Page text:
There were other factors in the pound’s tenacious grip on the world financial system, which apply in interesting ways to the U.S. dollar. While Britain lost share of global manufacturing to the U.S. during the 19th century, and especially so in the early 20th, Britain still had a well-developed financial system. An over-financialized economy is not a good thing for most purposes, but one thing it’s great at is keeping demand for currency elevated. If you wanted to borrow large sums of money or engage in a complicated financial transaction, London banks were often the place where you’d start.

The pound had another advantage: a captive set of buyers. Britain’s colonies kept their reserves in pounds, borrowed in pounds and, because they had close trade relationships with Britain, they priced most of their trade in pounds, too. Even after their colonies achieved formal independence, the close relationship – and the monetary norms that went with it – persisted. Even though the U.S. economy topped Britain’s in the late 19th century, the pound still constituted over half of global currency reserves until the 1950s.

Today, the U.S. is in a similar position. Our financial services sector is well-developed to the point of excess, but this means novel financial products are disproportionately likely to be priced in dollars. Large funding rounds, IPOs, buyouts and bond issues are in dollars by default. And the dollar is dominant in global trade – not just between the U.S. and other countries, but between pairs of countries that don’t have one of the top few currencies in the world. Commodity prices tend to be quoted in dollars, which encourages commodity producers to borrow in dollars and price their outsourced services in dollars, too.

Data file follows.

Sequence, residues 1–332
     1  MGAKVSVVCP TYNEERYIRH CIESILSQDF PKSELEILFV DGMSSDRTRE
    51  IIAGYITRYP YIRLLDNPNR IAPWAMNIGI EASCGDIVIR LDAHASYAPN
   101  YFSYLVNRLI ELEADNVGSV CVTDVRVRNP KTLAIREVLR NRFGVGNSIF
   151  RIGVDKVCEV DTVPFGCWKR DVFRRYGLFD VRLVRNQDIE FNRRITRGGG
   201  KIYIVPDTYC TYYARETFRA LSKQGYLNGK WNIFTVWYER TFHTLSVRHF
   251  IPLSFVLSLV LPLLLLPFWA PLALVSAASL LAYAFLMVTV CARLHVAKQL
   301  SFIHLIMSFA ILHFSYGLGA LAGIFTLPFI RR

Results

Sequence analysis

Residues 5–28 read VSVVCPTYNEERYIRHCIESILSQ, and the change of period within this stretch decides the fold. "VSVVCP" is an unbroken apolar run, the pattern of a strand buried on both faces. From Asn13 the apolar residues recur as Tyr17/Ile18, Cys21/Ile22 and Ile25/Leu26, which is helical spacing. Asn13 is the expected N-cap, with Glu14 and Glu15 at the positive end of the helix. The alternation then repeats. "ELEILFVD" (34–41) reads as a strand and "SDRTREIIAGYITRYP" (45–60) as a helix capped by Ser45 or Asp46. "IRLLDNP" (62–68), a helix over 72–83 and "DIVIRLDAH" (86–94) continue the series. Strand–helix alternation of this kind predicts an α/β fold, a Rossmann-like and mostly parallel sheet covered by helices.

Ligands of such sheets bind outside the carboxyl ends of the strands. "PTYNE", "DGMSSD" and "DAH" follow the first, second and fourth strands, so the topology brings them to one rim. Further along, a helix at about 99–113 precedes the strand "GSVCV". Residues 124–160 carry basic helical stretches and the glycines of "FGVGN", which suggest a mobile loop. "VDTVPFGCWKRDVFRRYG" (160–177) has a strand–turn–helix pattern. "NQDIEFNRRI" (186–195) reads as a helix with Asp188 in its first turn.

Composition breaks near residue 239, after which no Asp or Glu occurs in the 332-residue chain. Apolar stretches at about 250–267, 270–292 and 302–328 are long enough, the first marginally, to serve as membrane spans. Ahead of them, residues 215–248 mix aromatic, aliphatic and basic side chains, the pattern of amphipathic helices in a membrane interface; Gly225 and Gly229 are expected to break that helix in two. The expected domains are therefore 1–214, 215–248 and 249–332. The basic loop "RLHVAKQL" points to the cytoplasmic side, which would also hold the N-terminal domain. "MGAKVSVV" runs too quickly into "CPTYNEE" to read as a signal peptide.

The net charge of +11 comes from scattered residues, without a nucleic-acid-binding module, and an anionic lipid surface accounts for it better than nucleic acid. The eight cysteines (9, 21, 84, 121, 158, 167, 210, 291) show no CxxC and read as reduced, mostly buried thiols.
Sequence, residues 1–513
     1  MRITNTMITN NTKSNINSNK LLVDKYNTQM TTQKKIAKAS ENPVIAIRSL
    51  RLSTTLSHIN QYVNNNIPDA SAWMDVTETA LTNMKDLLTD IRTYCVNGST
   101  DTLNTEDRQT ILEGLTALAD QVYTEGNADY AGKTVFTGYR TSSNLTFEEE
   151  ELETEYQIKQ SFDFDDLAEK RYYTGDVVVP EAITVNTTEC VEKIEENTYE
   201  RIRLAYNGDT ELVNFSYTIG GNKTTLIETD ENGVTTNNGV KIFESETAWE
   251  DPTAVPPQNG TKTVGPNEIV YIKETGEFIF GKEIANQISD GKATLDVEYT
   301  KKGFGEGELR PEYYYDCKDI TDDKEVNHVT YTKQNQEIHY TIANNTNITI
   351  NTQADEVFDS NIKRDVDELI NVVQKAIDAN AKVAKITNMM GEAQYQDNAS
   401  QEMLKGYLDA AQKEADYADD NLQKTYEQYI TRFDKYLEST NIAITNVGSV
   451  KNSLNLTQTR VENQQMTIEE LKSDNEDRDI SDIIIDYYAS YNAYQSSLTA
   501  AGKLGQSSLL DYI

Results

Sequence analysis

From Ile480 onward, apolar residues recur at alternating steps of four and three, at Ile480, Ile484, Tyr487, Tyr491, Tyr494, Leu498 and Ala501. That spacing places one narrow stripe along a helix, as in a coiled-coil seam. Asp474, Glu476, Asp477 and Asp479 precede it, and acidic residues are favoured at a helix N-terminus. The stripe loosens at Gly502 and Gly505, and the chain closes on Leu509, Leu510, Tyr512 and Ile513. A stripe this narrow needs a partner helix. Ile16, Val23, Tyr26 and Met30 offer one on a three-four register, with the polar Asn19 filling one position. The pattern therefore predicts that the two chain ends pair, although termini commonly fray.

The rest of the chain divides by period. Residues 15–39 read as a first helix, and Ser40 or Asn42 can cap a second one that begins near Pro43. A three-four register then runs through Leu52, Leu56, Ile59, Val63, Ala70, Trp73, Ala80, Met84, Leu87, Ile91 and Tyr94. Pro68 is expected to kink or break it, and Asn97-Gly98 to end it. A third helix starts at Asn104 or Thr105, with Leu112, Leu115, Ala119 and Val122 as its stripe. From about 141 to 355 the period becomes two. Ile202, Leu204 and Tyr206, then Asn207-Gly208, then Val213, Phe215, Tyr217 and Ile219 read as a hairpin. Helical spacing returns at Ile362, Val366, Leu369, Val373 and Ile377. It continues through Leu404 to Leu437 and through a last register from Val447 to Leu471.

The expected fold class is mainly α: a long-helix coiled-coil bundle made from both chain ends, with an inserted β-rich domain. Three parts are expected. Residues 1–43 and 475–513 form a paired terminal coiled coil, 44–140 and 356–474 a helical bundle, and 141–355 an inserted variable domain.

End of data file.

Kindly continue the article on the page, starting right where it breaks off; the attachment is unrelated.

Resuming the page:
The U.S. doesn’t have something exactly like the British Empire in form, but the substance is pretty close. From 1945 onward, the U.S. was the de facto guarantor of open trade for Europe, the Middle East and East Asia. These countries couldn’t necessarily defend themselves militarily and couldn’t ensure free shipment of goods, but the U.S. could. This relationship was reflected in close economic ties, and sometimes monetary ones: Many Middle Eastern countries, most notably Saudi Arabia, peg their currency to the dollar. East Asian exporters accumulate dollar-denominated assets to keep their currencies cheap. Japan, for example, owns $1.26 trillion of U.S. Treasurys and China is not far behind with $1.07 trillion. Meanwhile, Taiwanese life insurers alone own 14% of long-term U.S. corporate bonds.

All this doesn’t make it impossible for bitcoin to appreciate over the long term, but it makes hyperbitcoinization much less hyper than one might expect. Hyperinflationary episodes happen, and they tend to feed on themselves, but they don’t happen with reserve currencies. Borrowers act as a brake on high inflation. Inflation represents a general preference for goods, services and hard assets over cash, but anyone who has borrowed money has a legal obligation to get cash, often in exchange for the same sorts of goods, services and assets. As the pound example shows, it can take a very long time for that momentum to unwind. A reserve currency is a No True Scotsman argument run in reverse: Once a currency qualifies as a reserve asset, it can withstand a lot of bad policy before that status flips.

Ironically, the same factors bitcoin advocates point to as evidence the fiat system is broken – high leverage and a financialized economy – make it durable, too. With so many forces arrayed in favor of the status quo, even the inevitable can take a long time.